Sunday, July 22, 2012

Over 110 Degree Temperatures Possible Tomorrow

The 12z NAM is showing temperatures reaching beyond 110 degrees tomorrow afternoon, temperatures that could seriously threaten the health of thousands. Big cities like Davenport, Iowa may bear the brunt, with Chicago, Illinois not in a horrible position, but still passing 100 degrees.

The question is concerning the reliability of this model. It does seem way overdone, and I believe that temperatures are about 10 degrees more than what it will turn out to be. Nonetheless, dangerous weather is likely tomorrow, including triple digit temperatures across the Midwest.


2012-2013 Winter Forecast Graphic

This is the accompanying graphic to the latest winter forecast I issued, which can be seen here.

Sorry to everyone that this was delayed, I had a mix up in communications.

I am anticipating that an El Nino will continue into the winter months. At the moment, the Nino appears to be heading at least central based-ward, which would turn out an OK winter for the Midwest to the East Coast. The Nino should be on the weak to moderate side, which would also give the Midwest and Plains some snow this winter.

Confidence in the following information: 65%
As shown on the graphic above, I highlighted the East Coast for the snowy conditions. A recent post on the negative NAO (click here), as well as an El Nino and PDO possibly moving positively, a very interesting East Coast winter may be in the works.

Confidence in the following information: 70%
I believe that the drought still plaguing the Midwest and Plains at this time will continue, as the El Nino encourages warm and mostly dry conditions to prevail across those areas. However, the weakness of the Nino historically can spread the wealth to the mentioned areas, and this could provide a small amount of relief, should a heat wave melt any snow or prompt systems to produce rain over snow in the Midwest.

Confidence in the following information: 60%
The Gulf Coast looks to be in for a wet winter, with drought conditions already easing up on the region. Due to the presence of a developing El Nino combined with El Nino-like QBO values, I feel that this trend of wetness over the Gulf Coast will continue into fall and winter. It could get tricky should the NAO pull a fast one and keep the region dry for some periods of time.

The rest of the country has yet to gain enough confidence for me to outline it.


Sea Surface Temperatures Show Negative NAO; Will it Continue?

Weekly Sea Surface Temperatures
Courtesy Australian Government BOM
Weekly sea surface temperature (SST) anomalies indicate the continuing presence of a negative NAO, as shown by the positive SST anomalies currently residing over the waters surrounding Greenland.

As I mentioned in my most recent winter forecast update, the North Atlantic Oscillation/NAO can be influenced by the Quasi-Biennial Oscillation, or QBO. Looking at the latest QBO readings tells me that the monthly average for June was -21.39. That is a very strong negative QBO that is undoubtedly helping out the NAO. Let's look at the NAO and QBO to confirm that there is actually a correlation between the two indices and their actions.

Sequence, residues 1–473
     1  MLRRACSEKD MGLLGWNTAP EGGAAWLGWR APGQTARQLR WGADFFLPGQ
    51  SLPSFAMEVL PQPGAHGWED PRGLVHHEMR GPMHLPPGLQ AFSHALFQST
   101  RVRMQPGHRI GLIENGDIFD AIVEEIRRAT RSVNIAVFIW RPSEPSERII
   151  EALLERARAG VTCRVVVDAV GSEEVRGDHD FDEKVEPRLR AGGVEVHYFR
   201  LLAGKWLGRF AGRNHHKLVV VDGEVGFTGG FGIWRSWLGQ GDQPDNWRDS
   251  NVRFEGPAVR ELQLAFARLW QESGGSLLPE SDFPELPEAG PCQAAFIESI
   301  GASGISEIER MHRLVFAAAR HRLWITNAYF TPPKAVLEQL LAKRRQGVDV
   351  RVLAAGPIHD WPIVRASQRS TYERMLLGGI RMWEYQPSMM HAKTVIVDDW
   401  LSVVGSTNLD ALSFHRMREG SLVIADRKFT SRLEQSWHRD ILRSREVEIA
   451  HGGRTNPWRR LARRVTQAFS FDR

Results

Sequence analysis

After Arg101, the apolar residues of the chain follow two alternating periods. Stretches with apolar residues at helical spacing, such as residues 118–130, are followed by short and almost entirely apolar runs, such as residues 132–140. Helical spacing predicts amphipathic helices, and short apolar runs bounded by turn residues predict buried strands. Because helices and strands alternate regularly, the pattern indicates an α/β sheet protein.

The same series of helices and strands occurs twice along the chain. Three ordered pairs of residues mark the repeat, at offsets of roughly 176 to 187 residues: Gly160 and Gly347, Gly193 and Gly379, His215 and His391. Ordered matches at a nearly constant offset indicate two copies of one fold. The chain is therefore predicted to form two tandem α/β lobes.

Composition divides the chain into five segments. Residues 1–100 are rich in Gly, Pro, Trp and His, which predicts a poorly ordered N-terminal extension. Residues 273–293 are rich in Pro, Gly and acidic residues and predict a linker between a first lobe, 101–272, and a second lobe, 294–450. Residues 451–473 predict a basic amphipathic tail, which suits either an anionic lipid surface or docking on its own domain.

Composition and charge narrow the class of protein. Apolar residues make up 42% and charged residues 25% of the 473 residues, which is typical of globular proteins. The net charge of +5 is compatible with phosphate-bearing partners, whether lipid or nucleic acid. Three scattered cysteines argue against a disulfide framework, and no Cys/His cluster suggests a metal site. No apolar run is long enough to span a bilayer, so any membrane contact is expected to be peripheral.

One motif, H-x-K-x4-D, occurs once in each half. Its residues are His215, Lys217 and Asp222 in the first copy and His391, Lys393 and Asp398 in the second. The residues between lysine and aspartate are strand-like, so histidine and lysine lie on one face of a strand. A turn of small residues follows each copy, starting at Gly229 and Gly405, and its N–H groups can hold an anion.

Observed NAO (Per CPC)

Observed QBO (per ESRL)
In the observed NAO, we see a very sharp downturn of the NAO beginning roughly at the end of May and solidifying in the beginning of June. the NAO has not reached positive territory since that date. If we look to the QBO for help, we see a surge to strong negative QBO territory beginning in April/May and continuing through June that seems to have helped/influenced this prolonged negative NAO phase.
Of additional interest is the tanking of the SOI beginning in spring 2012 and continuing to this day, which may also hold a correlation with these two indices.

So, the big question now is 'Will the NAO stay negative through Fall?'

I did a little research and pulled up some stratospheric temperature maps. Because the positive NAO brings a stronger polar vortex, it can be expected that a positive NAO would bring cold temperatures to the stratosphere. Likewise, a negative NAO would warm up the stratosphere. Take a look at the observed 50mb temperatures.

Beginning in Spring, the 50mb temperatures had been fairly cool, even to near record low points. However, as seen in mid June, a warming trend began and has persisted to this day. This is a direct correlation to the change in the NAO: warmer stratosphere = negative NAO (usually).
That said, using the QBO and stratospheric temperatures, I would say that the atmosphere looks prepared to carry this negative NAO through summer and fall, and may even stick around for winter. However, I'm not too ready to go that far out, so I will just say a negative NAO in summer and fall looks like a realistic proposition.


Tropical Wave Poses Formation Potential

The National Hurricane Center has outlined an area of showers and thunderstorms over the Caribbean and far southern Florida. This outline comes as a vigorous tropical wave is in the vicinity of the area.

There is a 10% chance of formation over the next 2 days from this tropical wave, and while showers and storms are all over, upper level winds are unfavorable for intense formation, while lower level winds could also be on the iffy side, and this could pile on the stress of unfavorable atmospheric conditions.

Of importance is also how anywhere from 10 to 30 knots of wind shearing is over the area, which will also act to suppress the strongest of tropical cyclone formation. All in all, formation isn't looking too good for the short term, but if shearing can die down and upper level winds calm down, the potential will certainly strengthen.